An ‘Acquitted Innocent’

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Is it fair to call every person booked under terrorism charges, a "deshdrohi, terrorist or mastermind"? Bilal Kuchay tells the story of Mohammad Amir Khan, whose life was ruined after being wrongfully arrested under terrorism charges and sent to jail for 14 years.

On the night of 20 February 1998, Mohammad Amir Khan, then an 18-year-old was ‘abducted’ by men in civvies in Delhi’s Sadr Bazaar area. He was hauled into a white Maruti gypsy. Blindfolded, hands tied, the teenager was taken to an unknown location, where he was continuously abused and tortured for seven days. Amir, who had walked to a neighbourhood hakeem to get medicines for the treatment of a persistent kidney stone problem, had no idea that soon thereafter he was going to be branded as a “terrorist, a deshdrohi and a mastermind” and would subsequently have to spend the next 14 years of life in different jails.

“When they removed the cloth from my eyes, I thought I have been kidnapped by goons. After one week’s torture and pain, I came to know they were men from the Delhi Police,” Amir said.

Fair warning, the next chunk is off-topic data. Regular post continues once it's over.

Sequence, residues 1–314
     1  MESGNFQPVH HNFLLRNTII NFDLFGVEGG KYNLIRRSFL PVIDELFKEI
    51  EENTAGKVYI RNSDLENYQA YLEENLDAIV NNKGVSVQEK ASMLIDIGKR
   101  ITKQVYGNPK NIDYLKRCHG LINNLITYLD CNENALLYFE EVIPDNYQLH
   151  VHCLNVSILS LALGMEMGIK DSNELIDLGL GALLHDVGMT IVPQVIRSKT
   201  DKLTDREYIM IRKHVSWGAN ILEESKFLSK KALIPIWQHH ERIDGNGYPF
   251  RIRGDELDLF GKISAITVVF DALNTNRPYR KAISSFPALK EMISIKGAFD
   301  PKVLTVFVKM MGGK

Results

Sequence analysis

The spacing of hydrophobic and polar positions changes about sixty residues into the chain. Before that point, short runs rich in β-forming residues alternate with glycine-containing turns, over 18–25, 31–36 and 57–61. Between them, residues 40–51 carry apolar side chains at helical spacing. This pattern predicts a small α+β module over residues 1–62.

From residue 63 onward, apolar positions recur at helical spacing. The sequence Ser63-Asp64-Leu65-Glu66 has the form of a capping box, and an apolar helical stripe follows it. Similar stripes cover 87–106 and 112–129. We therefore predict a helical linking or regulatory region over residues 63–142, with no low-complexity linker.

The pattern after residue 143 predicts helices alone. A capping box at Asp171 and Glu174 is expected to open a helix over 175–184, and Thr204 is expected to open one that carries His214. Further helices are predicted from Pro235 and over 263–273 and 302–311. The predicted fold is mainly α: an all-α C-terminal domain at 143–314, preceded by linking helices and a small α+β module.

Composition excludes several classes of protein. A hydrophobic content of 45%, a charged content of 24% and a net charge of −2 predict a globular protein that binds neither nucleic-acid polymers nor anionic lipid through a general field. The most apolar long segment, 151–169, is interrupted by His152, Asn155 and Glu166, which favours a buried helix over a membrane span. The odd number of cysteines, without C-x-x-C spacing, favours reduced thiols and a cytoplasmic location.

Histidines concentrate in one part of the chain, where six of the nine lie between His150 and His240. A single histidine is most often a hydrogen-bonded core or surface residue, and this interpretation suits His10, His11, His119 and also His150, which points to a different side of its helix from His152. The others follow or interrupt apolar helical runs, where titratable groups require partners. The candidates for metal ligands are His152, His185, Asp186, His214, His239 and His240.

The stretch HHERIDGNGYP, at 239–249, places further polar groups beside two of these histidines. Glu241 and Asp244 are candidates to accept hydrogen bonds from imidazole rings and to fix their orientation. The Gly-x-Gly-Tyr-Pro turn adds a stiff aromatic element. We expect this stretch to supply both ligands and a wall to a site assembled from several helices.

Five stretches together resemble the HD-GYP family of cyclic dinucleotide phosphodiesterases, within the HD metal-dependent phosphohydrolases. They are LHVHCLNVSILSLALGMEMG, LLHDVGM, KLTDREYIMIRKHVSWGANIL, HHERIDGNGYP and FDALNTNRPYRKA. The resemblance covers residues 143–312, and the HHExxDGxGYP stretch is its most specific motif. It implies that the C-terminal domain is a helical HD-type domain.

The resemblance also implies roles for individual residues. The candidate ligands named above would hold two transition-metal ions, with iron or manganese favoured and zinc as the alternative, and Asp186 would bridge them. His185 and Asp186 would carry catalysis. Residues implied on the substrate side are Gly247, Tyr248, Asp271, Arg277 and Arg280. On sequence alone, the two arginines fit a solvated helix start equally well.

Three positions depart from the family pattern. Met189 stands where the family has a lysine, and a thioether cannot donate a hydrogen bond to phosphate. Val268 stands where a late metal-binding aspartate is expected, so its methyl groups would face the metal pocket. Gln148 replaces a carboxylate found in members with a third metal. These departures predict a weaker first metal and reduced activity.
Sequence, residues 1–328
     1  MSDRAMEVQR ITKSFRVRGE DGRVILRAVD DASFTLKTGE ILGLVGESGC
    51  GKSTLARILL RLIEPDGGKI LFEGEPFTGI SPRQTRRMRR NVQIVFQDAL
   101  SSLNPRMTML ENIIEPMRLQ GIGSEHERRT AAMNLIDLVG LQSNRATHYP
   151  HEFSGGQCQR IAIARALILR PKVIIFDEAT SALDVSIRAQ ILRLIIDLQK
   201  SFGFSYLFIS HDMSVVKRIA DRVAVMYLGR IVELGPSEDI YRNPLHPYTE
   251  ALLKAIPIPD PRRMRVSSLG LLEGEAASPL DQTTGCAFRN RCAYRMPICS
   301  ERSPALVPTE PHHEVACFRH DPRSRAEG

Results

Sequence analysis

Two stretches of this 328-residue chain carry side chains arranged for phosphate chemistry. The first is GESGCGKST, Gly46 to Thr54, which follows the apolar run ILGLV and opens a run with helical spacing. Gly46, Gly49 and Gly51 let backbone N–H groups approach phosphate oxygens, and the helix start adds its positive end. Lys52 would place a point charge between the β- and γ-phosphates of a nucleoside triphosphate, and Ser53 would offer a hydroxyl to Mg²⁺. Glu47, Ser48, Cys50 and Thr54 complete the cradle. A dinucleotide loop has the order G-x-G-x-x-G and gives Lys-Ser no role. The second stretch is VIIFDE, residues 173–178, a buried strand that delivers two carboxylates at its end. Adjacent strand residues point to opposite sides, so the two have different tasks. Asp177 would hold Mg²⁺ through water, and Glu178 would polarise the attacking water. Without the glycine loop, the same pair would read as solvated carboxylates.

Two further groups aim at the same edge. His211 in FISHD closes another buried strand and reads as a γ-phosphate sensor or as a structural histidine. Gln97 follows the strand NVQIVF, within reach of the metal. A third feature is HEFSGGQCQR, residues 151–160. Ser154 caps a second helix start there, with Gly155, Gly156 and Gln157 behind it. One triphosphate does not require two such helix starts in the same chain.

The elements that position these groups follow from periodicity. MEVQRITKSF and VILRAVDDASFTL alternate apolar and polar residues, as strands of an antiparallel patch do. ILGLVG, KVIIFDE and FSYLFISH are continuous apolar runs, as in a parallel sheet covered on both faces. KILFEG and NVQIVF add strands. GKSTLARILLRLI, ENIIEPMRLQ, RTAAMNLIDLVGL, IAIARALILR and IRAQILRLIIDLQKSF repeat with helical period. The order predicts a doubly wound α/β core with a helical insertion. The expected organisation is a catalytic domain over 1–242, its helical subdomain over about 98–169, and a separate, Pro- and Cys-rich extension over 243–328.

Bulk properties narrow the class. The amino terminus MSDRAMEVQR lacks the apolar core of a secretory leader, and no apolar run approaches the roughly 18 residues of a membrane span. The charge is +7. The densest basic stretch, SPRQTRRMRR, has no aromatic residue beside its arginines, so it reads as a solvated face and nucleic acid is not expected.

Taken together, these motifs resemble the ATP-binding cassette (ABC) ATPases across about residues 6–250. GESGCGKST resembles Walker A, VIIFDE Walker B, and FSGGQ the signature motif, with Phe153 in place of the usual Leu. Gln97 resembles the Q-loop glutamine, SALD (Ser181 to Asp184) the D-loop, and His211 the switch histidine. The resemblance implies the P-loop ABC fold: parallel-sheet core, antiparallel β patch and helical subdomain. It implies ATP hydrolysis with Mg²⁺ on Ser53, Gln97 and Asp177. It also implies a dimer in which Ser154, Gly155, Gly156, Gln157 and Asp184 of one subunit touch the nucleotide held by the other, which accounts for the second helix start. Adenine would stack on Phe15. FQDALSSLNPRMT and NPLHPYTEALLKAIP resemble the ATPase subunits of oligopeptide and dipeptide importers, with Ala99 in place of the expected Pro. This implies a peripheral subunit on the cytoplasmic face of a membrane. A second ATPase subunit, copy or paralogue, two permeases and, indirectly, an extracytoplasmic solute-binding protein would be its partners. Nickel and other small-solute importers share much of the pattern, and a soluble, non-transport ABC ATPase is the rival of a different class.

Amir, after the seven days of brutal torture and unbearable pain, was produced in Tees Hazari court, where he was accused of being a Lashkar-e-Toiba (LeT) terrorist. He was booked for planning 20 low-intensity bomb blasts in Delhi, Ghazhibad, Sonipat and Rohtak between October 1996 and December 1997.

 “I was charged of being involved in carrying out bomb blasts at multiple places during the year 1996 and 1997. There were total of 19 cases against me under charges of section 121, 122, 302 and 307 IPC and section 3 and 4 of Explosive Act,” Amir said.